We would never have traveled to places like Graz or Dubrovnik, if it wasn’t for our friends who live or have relocated to different parts of the world. Graz and the surroundings are a lovely place to visit for a few days and it is even better when you can use your friends as local guides who can show you their favorite spots in the area. Thanks Sussi and Tobias for the days you showed us around in Graz and hope to see you again soon!
Vi skulle aldrig ha rest till platser såsom Graz eller Dubrovnik, om det inte var för våra vänner som bor eller har flyttat till olika delar av världen. Graz och omgivningarna runt staden är en fin plats att besöka i några dagar och det är ännu bättre när du har vänner som personliga lokalguider och som kan visa dig sina favoritplatser i området. Tack Sussi och Tobias för de dagar ni visade oss runt i Graz och hoppas vi ses snart igen!
Graz during night, walking back to Sussi and Tobias place.
Graz is the second largest city i Austria and is also a university city with a lot of students.
The city center when the sun is up. You’ll find really old-looking buildings around town. Graz was made into an important commercial and trade center during the 12th century by the Habsburgs and later, in the 16th, the architecture was influenced by the Italian Renaissance people, so that is why you have the interesting looking buildings here today. You also see and hear a lot of churches here:
The impressive courthouse in Graz.
There are also a lot of futuristic buildings incorporated into the medieval look of the town.
Sussi took us out on a walk through the center of Graz and our mission was to get up on Grazer Schloßberg or the castle mountain. Here we took an ice cream break 🙂
There is a small garden on top of Grazer Schloßberg, but you’ll mostly get up here to see Uhrturm, or the clocktower, and the view over old town Graz.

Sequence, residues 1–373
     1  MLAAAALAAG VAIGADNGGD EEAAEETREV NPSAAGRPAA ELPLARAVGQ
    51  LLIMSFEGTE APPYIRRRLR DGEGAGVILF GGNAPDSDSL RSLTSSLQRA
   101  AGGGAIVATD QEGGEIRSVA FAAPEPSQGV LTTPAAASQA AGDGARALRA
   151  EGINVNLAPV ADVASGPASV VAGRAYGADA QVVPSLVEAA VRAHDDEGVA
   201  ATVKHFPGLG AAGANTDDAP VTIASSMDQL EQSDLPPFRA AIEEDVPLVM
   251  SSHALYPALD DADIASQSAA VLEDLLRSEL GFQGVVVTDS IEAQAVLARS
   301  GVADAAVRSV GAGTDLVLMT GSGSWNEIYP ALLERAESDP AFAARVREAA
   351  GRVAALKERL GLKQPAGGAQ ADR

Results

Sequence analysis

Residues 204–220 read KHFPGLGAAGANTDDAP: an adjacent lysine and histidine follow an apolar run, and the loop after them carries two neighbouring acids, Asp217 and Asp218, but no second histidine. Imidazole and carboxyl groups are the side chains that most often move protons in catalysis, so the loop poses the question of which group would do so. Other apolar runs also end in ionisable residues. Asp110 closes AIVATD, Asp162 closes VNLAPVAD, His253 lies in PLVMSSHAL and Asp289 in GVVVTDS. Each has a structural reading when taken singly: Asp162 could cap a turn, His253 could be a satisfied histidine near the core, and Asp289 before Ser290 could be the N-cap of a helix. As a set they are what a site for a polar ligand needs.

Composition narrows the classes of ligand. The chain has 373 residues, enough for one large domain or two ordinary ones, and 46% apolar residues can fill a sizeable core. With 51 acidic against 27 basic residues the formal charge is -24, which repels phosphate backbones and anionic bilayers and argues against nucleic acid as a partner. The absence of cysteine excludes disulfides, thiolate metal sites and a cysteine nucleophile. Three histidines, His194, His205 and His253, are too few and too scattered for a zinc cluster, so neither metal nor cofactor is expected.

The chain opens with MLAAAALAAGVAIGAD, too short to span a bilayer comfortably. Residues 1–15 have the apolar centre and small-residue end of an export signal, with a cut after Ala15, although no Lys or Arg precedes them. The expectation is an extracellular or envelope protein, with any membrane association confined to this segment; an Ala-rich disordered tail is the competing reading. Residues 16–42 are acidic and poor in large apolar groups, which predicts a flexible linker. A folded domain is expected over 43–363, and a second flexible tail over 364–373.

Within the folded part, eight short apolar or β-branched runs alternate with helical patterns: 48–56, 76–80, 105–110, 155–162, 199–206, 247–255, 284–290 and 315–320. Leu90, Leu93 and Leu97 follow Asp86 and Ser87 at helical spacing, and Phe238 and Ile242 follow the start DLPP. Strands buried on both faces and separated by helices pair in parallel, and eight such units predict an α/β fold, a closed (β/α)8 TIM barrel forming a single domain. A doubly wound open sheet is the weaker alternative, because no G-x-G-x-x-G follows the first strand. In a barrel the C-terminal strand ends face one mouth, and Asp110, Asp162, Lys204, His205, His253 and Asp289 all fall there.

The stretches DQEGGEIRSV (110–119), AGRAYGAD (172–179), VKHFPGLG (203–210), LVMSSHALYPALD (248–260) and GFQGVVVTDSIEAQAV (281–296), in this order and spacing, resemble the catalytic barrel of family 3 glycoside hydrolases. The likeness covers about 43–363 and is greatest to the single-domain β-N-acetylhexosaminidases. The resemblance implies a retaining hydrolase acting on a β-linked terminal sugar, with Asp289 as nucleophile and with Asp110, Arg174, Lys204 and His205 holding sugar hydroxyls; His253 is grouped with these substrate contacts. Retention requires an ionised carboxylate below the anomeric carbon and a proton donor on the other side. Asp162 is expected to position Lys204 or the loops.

Uhrturm has an interesting feature, the clock’s pointers have opposite roles compared to ordinary clocks, with the larger pointer showing hours while the smaller pointer shows minutes.
The park just beneath the Uhrturm.
The view from Grazer Schloßberg is amazing and you can see the mixture of buildings. Notice the large alien slug-like building to the right. It is the Kunsthaus, the museum of modern art, and we heard that the building itself is more interesting than what is displayed inside.
This is the view if you’re talking the stairs back down to the city center. The other option is to take the elevator. There are tunnels under Schloßberg that was created during the second world war to protect the people of Graz from airplane bombings. Some parts of the tunnel system is still accessible today and that’s where you’ll find the Schloßberg elevator.
We also had time to try out Sussi and Tobias favorite neighborhood cafe, and Pontus had time to describe Bitcoin for Sussi.
Austrians love hiking, so Sussi and Tobias took us out hiking around the small mountains surrounding Graz. It is really easy to hike in Graz, just follow the signs and the read/white markings.
We got a lovely view over Eggenberg castle, a castle built in Baroque style. The oldest parts of the castle date back to the 1460, but the more modern parts are from around 1625. Below you’ll find a video with the view over Graz from our day hiking the surroundings.
Sussi and Tobias took good care of us and showed us their favorite restaurants in town.
Here eating the biggest pizzas we’ve ever seen.
The last evening we played some billiards, here team Assander are discussing their strategy.
Ulrika is aiming carefully. Thanks Sussi and Tobias for a nice couple of days in Graz. We’ll have a rematch soon somewhere in Europe 🙂
Early the morning after we said goodbye to Sussi and Tobias, taking the train to a part of Austria only accessible from Germany.